U.S. Sen. Jerry Moran (R-Kan.), left, speaks with Manhattan Regional Airport Director Jesse Romo and Manhattan Mayor Usha Reddi inside the airport’s air traffic control tower Saturday. (Staff photo by Brady Bauman)

It was difficult to gauge Saturday morning where U.S. Senator Jerry Moran (R-Kan.) stood on the Senate healthcare bill that was finally released to the public — and apparently to Moran himself — late Thursday afternoon.

For the most part, Moran reiterated remarks he made on the draft of the legislation through a statement on his YouTube channel Thursday. But it doesn’t seem like his uneasiness expressed with the bill then has faded since.

“As a Kansan — and particularly as a rural Kansan — keeping our hospital doors open and physicians in our communities… does this legislation increase the chances that a hospital is going to be more viable in small-town Kansas?” Moran said outside the air traffic control tower at Manhattan Regional Airport. “Even if we were successful in reducing the cost of healthcare, if your hospital isn’t there and the doors close, then you don’t have access to that more affordable healthcare.”

The Plainville native — a north central Kansas town of less than 2,000 people — was back in the Little Apple to visit with city and airport officials about the growth of an airport that has tripled in size over the past five years, booked larger jets and is fighting to secure funding for the reconstruction of a thicker and longer runway. He also reassured officials he’s against the Trump administration’s flirtations with the privatization of air traffic control.

But with Senate Majority Leader Mitch McConnell steering the healthcare bill to a pre-July 4 vote and the pressure on the hill mounting, Moran continued to express deep concerns about the bill when asked by KMAN.

“I continue to review what’s in there,” said Moran after the airport tour and discussion wrapped up. “It was not made available until mid-day Thursday. We’re waiting on a Congressional Budget Office score, which is expected on Monday.

“What I’ve said, and continue to say, is that we’re going to analyze this from a Kansas point of view. This ought not be a political or partisan kind of thing — this is not about Republicans scoring points or Democrats scoring points. It’s about does this make the access to affordable healthcare better for Kansans or Americans or not?”

Moran said coverage for pre-existing conditions, as Obamacare already provides, is important to him, while also keeping costs low.

“The Affordable Care Act — Obamacare — has really failed in regard to lowering the costs of premiums for everyday families, and that’s an issue that matters to every American, no matter what their income is,” he said.

What may be the biggest sticking point — and perhaps why the bill hasn’t so far received Moran’s definitive support — is what happens to Medicaid if the bill as it’s drafted now reaches President Trump’s desk.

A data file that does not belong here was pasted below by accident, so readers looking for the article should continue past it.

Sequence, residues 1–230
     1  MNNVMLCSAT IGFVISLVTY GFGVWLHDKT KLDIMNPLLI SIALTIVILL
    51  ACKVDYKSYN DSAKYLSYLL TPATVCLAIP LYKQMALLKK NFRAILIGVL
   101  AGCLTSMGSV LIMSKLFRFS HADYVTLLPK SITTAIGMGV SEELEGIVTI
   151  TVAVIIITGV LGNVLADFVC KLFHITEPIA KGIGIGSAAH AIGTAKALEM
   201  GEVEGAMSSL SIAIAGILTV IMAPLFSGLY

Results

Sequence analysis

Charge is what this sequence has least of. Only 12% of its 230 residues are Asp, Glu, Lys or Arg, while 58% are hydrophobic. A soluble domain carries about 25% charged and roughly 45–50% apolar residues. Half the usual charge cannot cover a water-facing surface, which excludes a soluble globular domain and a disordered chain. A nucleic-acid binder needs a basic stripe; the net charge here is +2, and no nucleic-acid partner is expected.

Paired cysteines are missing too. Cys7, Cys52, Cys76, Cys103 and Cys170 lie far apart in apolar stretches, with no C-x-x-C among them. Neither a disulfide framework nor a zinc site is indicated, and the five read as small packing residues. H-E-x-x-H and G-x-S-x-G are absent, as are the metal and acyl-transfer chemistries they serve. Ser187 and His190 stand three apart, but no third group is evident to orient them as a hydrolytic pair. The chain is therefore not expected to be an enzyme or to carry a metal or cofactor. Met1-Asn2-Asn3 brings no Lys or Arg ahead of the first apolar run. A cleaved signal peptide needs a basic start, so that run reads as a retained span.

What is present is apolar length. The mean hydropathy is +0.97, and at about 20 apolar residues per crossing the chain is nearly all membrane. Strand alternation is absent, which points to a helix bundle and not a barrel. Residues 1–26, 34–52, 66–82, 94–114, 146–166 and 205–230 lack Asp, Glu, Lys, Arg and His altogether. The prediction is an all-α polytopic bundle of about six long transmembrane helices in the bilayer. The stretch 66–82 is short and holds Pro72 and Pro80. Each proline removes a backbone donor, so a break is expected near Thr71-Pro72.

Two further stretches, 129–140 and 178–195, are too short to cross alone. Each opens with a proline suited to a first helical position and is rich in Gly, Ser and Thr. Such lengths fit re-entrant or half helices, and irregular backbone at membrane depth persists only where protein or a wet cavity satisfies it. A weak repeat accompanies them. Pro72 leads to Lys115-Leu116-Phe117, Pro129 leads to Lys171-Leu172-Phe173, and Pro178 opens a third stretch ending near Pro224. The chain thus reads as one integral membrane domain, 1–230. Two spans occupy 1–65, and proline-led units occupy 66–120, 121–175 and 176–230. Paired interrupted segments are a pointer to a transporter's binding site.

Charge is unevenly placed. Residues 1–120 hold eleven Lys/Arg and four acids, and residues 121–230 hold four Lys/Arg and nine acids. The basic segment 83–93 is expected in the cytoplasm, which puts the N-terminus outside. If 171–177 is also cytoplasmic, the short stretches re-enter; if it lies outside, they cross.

Medicaid covers roughly 70 million low-income people, pregnant women, disabled people and the elderly. Obamacare expanded Medicaid, and allowed states to run their own program. The federal government covers 100 percent of the costs for new state enrollees until 2019, and 90 percent of costs after that.

Kansas, however, never participated in the expansion and continues to opt out. On March 30, Republican Gov. Sam Brownback vetoed a bill from the GOP-controlled legislature that would have included the state in Medicaid expansion. An effort by lawmakers on April 3 to override that veto failed.

The current Senate healthcare bill aims to undo most of that architecture, moving more of those costs to states and capping how much states can spend on Medicaid programs.

Moran said he’s anxious to learn what Medicaid limitations would mean for Kansans with disabilities, along with hospitals.

“Most of our hospitals in Kansas are hanging on by a thread,” he said. “Many of them, if you ask if they’re in the red or the black, they’ll say it depends on what day you ask.

“Medicaid is a component of how hospitals get paid for providing services to people who have little or no income or no insurance. So, the issue there, is the law requires the hospital to see a patient — you can’t deny them services. The question is, how do we make certain that hospital gets paid for providing services? The end result is, if we don’t, those costs, as best they can, are passed on to people who do have insurance. So, by Medicaid not paying a sufficient amount to cover the costs, the costs are shifted, increasing the costs of healthcare for everybody else.”

The AARP — formerly the American Association of Retired Persons  — announced its opposition to the bill Thursday. So far, five Republican Senators have said they’d vote against the bill.

Moran said he’ll be paying attention to the Kansas Medical Society, Kansas Hospital Association, doctors and nursing homes about the bill.

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Moran expresses Medicaid concerns with healthcare bill